From First Principles

Mathematics Without Hand Waving

Differential Geometry

 

Hello and welcome to my differential geometry page.

For many years I’ve always wanted to write a series of articles on differential geometry because in my opinion the subject is extraordinarily broad and requires the student to know quite a large volume of other mathematics before starting. I thought I had a fairly unique perspective as I was self taught on the subject and made many mistakes, wrong turns, and dead-ends along the way.

Although the material itself begins modestly, only requiring a very small number of assumptions, the variations that one can easily add become quite numerous and complex. By saying this, differential geometry is a very creative mathematical subject and by studying it you get to discover some pretty awesome things.

My interest in the subject really began to peak in 2005: my final undergraduate year. I was studying a bachelor of science and although I started out with a 50% split of physics and mathematics I ended the degree fully immersed in the math side of things. This lead to an additional honours year of pure math. My choices weren’t exactly varied as our math department focused heavily on analysis – something I wasn’t very good at. However (and this is what really convinced me to do an extra year) there was one professor who taught general relativity. A ha! Something I can visualise.

To a 3rd-year math undergrad general relativity was a behemoth of a subject. What on Earth is a tensor? What is meant by all those Christoffel symbols? Clifford algebras, quaternions, manifolds, metrics, connections, curvature the list just kept going and going. But it was the fact that a lot of the concepts and the things that they would eventually describe were geometrical in nature. There’s a lot of visualising circles, rotations, translations, permutation and combinations of objects, grouping objects based on their geometrical properties, moving things around, things that are flat, things that are curved, you get the idea.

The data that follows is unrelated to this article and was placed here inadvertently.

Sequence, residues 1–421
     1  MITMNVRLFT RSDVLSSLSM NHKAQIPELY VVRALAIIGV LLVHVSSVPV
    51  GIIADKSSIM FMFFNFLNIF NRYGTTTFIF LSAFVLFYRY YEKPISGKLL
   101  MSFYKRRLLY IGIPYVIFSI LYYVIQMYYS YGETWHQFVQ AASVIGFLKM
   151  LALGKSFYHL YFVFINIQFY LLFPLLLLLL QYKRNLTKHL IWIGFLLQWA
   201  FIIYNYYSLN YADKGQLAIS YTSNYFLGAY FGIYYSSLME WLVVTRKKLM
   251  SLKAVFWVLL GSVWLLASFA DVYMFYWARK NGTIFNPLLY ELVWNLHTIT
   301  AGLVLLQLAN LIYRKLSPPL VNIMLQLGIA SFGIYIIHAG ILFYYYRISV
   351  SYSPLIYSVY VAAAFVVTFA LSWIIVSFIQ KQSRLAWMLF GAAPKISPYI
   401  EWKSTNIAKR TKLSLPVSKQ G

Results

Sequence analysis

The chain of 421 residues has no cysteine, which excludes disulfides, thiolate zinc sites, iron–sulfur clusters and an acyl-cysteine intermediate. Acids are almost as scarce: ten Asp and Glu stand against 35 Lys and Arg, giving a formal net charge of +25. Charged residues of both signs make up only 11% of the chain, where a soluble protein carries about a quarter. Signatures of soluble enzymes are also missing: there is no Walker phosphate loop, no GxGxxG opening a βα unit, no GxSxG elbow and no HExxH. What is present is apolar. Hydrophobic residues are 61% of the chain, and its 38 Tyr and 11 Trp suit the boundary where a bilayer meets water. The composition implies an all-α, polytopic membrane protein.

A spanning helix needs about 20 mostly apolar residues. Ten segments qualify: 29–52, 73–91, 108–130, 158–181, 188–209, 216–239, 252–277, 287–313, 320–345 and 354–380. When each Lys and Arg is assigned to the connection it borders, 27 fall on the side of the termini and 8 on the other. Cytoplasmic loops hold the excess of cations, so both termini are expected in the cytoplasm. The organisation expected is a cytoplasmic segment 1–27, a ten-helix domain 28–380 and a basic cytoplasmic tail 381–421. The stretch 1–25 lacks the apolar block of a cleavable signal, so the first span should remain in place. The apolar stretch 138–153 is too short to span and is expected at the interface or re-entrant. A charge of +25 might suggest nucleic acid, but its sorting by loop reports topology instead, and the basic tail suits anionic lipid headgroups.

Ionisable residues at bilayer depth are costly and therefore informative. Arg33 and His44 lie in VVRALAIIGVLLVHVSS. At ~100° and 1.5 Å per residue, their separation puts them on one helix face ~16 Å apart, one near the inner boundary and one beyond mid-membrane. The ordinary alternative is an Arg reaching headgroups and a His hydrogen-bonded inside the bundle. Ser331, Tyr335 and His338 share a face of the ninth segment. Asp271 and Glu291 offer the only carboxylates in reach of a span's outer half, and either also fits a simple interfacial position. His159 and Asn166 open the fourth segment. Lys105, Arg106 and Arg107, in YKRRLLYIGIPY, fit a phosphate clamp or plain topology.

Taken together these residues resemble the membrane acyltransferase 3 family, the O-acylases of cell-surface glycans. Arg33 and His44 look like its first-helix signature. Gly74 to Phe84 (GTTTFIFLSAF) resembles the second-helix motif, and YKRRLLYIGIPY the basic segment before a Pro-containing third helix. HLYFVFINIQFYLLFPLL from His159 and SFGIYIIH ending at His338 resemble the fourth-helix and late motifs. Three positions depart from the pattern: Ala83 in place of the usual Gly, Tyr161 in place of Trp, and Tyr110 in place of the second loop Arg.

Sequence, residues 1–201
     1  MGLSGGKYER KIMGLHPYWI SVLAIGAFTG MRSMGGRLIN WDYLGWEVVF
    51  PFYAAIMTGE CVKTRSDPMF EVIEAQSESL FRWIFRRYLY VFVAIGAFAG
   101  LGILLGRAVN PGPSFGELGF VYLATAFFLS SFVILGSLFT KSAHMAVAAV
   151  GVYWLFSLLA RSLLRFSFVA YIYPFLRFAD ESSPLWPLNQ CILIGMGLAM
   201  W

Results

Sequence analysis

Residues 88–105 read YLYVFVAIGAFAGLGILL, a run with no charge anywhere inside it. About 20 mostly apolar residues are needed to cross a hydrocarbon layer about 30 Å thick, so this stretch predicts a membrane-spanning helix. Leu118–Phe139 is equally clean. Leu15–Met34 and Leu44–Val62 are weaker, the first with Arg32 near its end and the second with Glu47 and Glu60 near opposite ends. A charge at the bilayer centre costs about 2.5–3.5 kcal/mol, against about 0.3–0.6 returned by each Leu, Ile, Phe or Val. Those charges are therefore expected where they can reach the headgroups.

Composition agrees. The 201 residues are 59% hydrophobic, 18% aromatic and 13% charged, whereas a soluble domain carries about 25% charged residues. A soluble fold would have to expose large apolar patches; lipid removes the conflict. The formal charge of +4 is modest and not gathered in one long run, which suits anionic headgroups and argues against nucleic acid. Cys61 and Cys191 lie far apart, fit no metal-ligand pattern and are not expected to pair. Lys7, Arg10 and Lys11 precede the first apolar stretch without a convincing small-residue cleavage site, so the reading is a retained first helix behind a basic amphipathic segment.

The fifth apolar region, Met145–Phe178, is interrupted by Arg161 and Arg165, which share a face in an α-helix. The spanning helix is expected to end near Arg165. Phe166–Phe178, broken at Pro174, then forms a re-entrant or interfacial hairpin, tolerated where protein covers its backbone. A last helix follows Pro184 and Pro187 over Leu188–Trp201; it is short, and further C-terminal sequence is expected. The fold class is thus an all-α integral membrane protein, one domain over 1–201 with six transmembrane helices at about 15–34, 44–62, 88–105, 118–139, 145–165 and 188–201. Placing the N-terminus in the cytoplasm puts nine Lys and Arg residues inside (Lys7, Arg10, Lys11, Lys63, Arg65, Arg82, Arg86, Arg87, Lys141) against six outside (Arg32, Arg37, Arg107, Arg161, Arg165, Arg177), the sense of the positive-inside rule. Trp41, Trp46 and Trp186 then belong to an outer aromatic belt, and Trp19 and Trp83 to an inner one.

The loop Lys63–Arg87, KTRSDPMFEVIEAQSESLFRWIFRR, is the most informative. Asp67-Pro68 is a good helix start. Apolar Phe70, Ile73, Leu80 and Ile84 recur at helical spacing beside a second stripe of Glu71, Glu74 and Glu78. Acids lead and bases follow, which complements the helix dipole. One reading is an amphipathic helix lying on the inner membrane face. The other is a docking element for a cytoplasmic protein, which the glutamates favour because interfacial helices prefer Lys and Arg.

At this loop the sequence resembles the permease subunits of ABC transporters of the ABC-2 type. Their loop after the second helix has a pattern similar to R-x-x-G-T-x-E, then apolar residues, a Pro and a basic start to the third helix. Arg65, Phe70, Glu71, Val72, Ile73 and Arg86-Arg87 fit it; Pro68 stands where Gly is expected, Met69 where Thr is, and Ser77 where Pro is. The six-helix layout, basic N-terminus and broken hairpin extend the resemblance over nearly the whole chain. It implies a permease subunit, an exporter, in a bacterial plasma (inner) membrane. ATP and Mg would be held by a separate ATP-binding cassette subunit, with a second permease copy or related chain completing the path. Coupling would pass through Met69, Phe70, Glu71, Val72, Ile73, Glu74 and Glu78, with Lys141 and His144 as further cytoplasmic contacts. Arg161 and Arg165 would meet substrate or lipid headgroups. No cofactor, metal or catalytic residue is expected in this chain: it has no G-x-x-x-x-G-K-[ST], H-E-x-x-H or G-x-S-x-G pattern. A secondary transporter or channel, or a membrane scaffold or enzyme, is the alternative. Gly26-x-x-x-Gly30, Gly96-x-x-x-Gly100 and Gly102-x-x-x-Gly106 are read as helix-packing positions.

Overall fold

I didn’t like analysis because at that point the lectures were all about weird limits and infinite sequences which I could never visualise. But with differential geometry I could visualise a tensor; as an arrow from a vector space and its dual to a single real number (so I used to draw them on paper as arrows from two boxes in to a line to represent the real numbers. You can visualise the commutator by drawing a little triangle and dragging a vector around it and then observing any rotation with the original. Manifolds were rubber sheets. The tangent bundle can be visualised as a 3D box sitting atop a curved manifold assigning a tangent vector to each and every point on the manifold. Even other geometrical properties could be equipped to a manifold, such as a metric which itself can be visualised as a little arrow drawn from two boxes representing a choice of two input tangent vectors from the tangent space in to a line representing the real numbers. I’ll get to all this visualisation in the proceeding articles.

To make a long story short, differential geometry was all about drawing diagrams of spaces as boxes, arrows between them as tensors, and curved sheets as manifolds. So this is where we will start, with the concept of a manifold (and how to draw it). We will learn how to draw one and what we can do with it by adding structure. We’ll do this a lot, simply because we can, but it makes life much more interesting when we do.

In this series of articles I will take you on my path-optimised journey through differential geometry. I’ll be keeping the math to a minimum, we won’t spend a lot of time on proofs, but the key will be on visualising things so there will be a lot of accompanying diagrams that I hope will be able to explain what it is that differential geometry does for us.

Table of Contents

  1. Preliminary Concepts – things we’ll need
  2. Introducing the Manifold – the rubber sheet
  3. Differentiable Manifolds – adding our first bit of structure
  4. The Tangent Bundle – where did that come from?
  5. The Dual Bundle – the dark side of the tangent bundle
  6. Tensors – the workhorse of manifolds
  7. The Algebra of Tensors – things we can do with tensors
  8. Curves, Flows and Brackets – gettin’ yourself around on manifolds
  9. Wedge, Forms and Integration – generalising basic geometrical concepts
  10. Riemannian Manifolds – the home of general relativity
  11. General Relativity – why the universe can be explained with geometry

 

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